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Chateau de Puligny-Montrachet Meursault Les Porusots Premier Cru 2012

    750ML / 0% ABV
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    750ML / 0% ABV

    Winemaker Notes

    The aromas are fresh and profoundly expressive. They offer a lovely aromatic richness of white peach and grapefruit with mineral and floral notes as well as an exotic touch of apricot and even lychee. The attacks are brisk, yet the wines are voluminous on the palate. The textures are suave with generous material and lovely lengths. The finishes are epic, salty and sometimes even rocky. If the Bourgogne level and village wines may taste well early on (within five years), the crus will live a decade.

    Critical Acclaim

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    Chateau de Puligny-Montrachet

    Chateau de Puligny-Montrachet

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    Chateau de Puligny-Montrachet, France
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    2001 marked the dawn of new era at the Chateau de Puligny-Montrachet. Over the centuries, the picturesque 17th century chateau has changed hands many times, and its celebrated vineyards have perpetually been the envy of its neighbors. In the 1950s, when poet and winegrower Roland Thevenin owned the estate, it became a gathering place for artists, clergy, and politicians alike. In the 1980s, the Thevenin family sold to the French bank group, Banque Populaire et Caisse d’Epargne, who renovated the property and tended to produce decent, albeit more commercially styled, wines. When the new Director of the Bank took over in 2001, he hired Étienne de Montille of Volnay to put the Chateau de Puligny-Montrachet back on the map as one of the great producers of the Côte de Beaune . . . which is exactly what Étienne did. He started the slow conversion of their 19 hectares of vineyards to biodynamic farming practices, a much more rigorous method than even organic farming, to bring more life to the soil, more vigor to the vine and more finesse to the wines. Nowhere have the benefits of his efforts been as evident as in 2003 when a heat-wave crippled Burgundy. Even in the midst of a drought, the plowing had saved the vines and helped them to retain water, giving balance to the wines in spite of the heat.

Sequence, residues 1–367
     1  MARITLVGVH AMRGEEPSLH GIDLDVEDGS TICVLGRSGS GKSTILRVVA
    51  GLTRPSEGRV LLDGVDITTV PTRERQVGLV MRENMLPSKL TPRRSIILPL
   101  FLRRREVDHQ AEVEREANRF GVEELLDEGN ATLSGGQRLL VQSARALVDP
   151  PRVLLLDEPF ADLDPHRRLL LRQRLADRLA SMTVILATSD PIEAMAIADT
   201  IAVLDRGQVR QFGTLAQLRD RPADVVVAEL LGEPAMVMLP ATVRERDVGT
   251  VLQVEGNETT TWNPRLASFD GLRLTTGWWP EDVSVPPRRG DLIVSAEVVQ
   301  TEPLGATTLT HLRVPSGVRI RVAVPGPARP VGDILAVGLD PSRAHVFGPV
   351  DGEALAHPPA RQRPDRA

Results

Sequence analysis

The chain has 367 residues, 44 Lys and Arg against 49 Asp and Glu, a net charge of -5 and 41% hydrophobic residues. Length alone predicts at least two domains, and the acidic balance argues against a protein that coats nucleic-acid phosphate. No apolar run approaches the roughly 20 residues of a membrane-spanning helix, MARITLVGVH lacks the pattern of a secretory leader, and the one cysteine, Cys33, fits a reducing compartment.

Étienne and his sister, Alix de Montille, purchased the estate in July 2012. Not only will Étienne be able to see all of his projects come to fruition, but both siblings bring incredible savoir-faire when it comes to transmitting the terroir into the finished wines. In the hands of two of the most respected winegrowers in Burgundy, Chateau de Puligny-Montrachet is at last realizing its full potential.

    The de Montilles are aiming high. They plan on reducing the production of cuvees by 20 percent to give greater focus to the Chateau’s highly pedigreed line-up. The modern winery built in the 1980s, although not as attractive as many old Burgundy cellars, has proved to be almost perfect for making wine in the minimalist, gravity flow method that both Étienne and Alix prefer. In addition, only indigenous yeasts are used and the wines are lightly fined with egg-whites and bottled unfiltered. The preference is to allow a longer barrel-aging period so that the wines will settle naturally. But for anyone who is already familiar with the de Montille family, there is no strict recipe per se, just incredibly high standards. Every vintage is treated uniquely, and the wines reflect that individualized care.

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    Monthelie

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    Chardonnay

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    One of the most popular and versatile white wine grapes, Chardonnay offers a wide range of flavors and styles depending on where it is grown and how it is made. While practically every country in the wine producing world grows it, Chardonnay from its Burgundian homeland produces some of the most remarkable and longest lived examples. As far as cellar potential, white Burgundy rivals the world’s other age-worthy whites like Riesling or botrytized Semillon. California is Chardonnay’s second most important home, where both oaky, buttery styles and leaner, European-inspired wines enjoy great popularity. Oregon, Australia and South America are also significant producers of Chardonnay.

    In the Glass

    When planted on cool sites, Chardonnay flavors tend towards grapefruit, lemon zest, green apple, celery leaf and wet flint, while warmer locations coax out richer, more tropical flavors of melon, peach and pineapple. Oak can add notes of vanilla, coconut and spice, while malolactic fermentation imparts a soft and creamy texture.

    Perfect Pairings

    Chardonnay is as versatile at the table as it is in the vineyard. The crisp, clean, Chablis-like styles go well with flaky white fish with herbs, scallops, turkey breast and soft cheeses. Richer Chardonnays marry well with lobster, crab, salmon, roasted chicken and creamy sauces.

    Sommelier Secret

    Since the 1990s, big, oaky, buttery Chardonnays from California have enjoyed explosive popularity. More recently, the pendulum has begun to swing in the opposite direction, towards a clean, crisp style that rarely utilizes new oak. In Burgundy, the subregion of Chablis, while typically employing the use of older oak barrels, produces a similar bright and acid-driven style. Anyone who doesn't like oaky Chardonnay would likely enjoy its lighter style.

    MSW30127711_2012 Item# 153022